Apr 09, 2021

Inflating Machinery

By Ryan Lowery

Inflating Machinery

What to do about raw material inflation? Aside from owning commodities, a group that performs well during periods of rising input costs early in an economic expansion is multi-industry and machinery stocks. Toward the end of the downturn, these stocks’ multiples will begin to expand, once there is visibility into an earnings recovery. When the recovery commences, earnings power for these companies can be very strong. Owning stocks facing rising input costs may seem counterintuitive, but it turns out the underlying driver of inflation, which in this sense is economic growth, more than offsets these variable costs.

Once an economic recovery ensues, inventory gets worked down and industrial production begins to ramp up in order to meet new demand. Inflationary pressures emerge as demand quickly outstrips supply. Multi-industry and machinery stocks benefit from this early-cycle dynamic, and despite facing rising input costs in the form of steel, energy, or aluminum, fixed cost leverage from volume growth in addition to price increases drive strong earnings growth.Therefore, multi-industry and machinery stocks perform well coming out of downturns and into the early phases of an economic recovery as investors gain confidence in the recovery. The group’s organic growth is highly correlated with industrial production (Exhibit 1).

Exhibit 1. US Machinery Industrial Production Correlation

Source: Deutsche Bank

Cyclical earnings growth is a function of both revenue growth and margin expansion. The latter is the more interesting driver. As input costs increase, they often get passed on to customers. One example that demonstrates this well is margin performance during periods of steel inflation. Exhibit 2 shows operating margin performance during episodes of steel inflation.

Exhibit 2. Margin Performance in the Face of Steel Inflation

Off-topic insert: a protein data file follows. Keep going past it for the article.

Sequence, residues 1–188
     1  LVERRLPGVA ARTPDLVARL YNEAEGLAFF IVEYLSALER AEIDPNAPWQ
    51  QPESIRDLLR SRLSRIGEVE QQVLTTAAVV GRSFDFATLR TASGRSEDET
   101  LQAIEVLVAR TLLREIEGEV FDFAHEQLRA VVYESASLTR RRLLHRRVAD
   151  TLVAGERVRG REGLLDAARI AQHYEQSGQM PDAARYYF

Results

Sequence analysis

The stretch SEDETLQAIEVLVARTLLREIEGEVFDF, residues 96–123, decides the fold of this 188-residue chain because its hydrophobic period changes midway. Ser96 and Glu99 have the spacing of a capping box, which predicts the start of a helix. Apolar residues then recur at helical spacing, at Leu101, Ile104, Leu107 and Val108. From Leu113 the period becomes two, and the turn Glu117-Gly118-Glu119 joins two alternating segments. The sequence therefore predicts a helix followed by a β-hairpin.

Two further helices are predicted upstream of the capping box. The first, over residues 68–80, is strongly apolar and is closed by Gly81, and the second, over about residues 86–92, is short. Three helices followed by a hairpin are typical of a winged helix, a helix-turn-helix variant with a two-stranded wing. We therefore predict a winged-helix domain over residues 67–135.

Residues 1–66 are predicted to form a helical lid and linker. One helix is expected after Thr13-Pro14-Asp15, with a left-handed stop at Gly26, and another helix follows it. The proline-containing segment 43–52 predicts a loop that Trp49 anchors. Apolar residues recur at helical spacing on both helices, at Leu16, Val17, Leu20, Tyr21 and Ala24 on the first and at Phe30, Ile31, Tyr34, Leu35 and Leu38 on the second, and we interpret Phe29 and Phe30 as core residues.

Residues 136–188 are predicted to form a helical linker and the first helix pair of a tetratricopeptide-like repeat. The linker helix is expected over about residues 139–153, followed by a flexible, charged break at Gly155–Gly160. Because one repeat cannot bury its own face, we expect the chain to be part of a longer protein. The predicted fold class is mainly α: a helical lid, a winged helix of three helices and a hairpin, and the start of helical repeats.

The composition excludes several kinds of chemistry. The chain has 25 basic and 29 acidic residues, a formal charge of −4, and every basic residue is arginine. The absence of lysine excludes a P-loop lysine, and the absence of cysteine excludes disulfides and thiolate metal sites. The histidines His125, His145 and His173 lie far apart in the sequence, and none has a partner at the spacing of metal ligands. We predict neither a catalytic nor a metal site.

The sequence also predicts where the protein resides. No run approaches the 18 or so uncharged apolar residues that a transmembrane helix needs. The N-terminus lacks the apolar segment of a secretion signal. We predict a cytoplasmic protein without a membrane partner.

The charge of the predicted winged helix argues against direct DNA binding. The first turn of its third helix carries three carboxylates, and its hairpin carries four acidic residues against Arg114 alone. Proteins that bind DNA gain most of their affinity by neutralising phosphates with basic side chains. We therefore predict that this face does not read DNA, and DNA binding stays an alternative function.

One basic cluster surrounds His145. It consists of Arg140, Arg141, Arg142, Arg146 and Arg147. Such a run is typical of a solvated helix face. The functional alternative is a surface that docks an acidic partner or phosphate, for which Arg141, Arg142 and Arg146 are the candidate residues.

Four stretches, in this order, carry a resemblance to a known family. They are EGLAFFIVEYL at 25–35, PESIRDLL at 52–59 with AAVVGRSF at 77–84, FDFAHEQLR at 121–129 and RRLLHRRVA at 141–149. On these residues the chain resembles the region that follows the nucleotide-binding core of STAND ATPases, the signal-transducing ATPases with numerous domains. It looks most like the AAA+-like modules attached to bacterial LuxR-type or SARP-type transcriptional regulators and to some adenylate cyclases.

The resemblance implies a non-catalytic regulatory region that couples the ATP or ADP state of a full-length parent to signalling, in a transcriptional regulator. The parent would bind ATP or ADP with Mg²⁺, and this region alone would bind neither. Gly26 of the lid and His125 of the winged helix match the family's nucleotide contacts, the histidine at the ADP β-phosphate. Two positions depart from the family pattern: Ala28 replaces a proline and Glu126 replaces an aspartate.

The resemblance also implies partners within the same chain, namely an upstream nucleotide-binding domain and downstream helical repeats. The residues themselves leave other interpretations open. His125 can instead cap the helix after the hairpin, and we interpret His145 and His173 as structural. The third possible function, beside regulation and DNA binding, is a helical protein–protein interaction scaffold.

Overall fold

Source: Deutsche Bank

There are many more relevant nuances involved than outlined in this note, such as hedges that attempt to preserve cash flow, market share shifts, and regulations. Every relationship has outliers, and each cycle is unique, but generally, multi-industry and machinery companies can produce strong earnings growth above consensus estimates for many quarters coming out of a recession despite higher raw material costs.

This information is not intended to provide investment advice. Nothing herein should be construed as a solicitation, recommendation or an offer to buy, sell or hold any securities, market sectors, other investments or to adopt any investment strategy or strategies. You should assess your own investment needs based on your individual financial circumstances and investment objectives. This material is not intended to be relied upon as a forecast or research. The opinions expressed are those of Driehaus Capital Management LLC (“Driehaus”) as of April 2021 and are subject to change at any time due to changes in market or economic conditions. The information has not been updated since April 2021 and may not reflect recent market activity. The information and opinions contained in this material are derived from proprietary and non-proprietary sources deemed by Driehaus to be reliable and are not necessarily all inclusive. Driehaus does not guarantee the accuracy or completeness of this informa­tion. There is no guarantee that any forecasts made will come to pass. Reliance upon information in this material is at the sole discretion of the reader.

About Ryan Lowery

Ryan Lowery is a senior analyst on the US Growth Equities Team with a focus on industrials. His in-depth fundamental research, idea generation and buy/sell recommendations are leveraged across the Driehaus Micro Cap Growth, Small Cap Growth and Small/Mid Cap Growth strategies managed by the Driehaus US Growth Equities Team.

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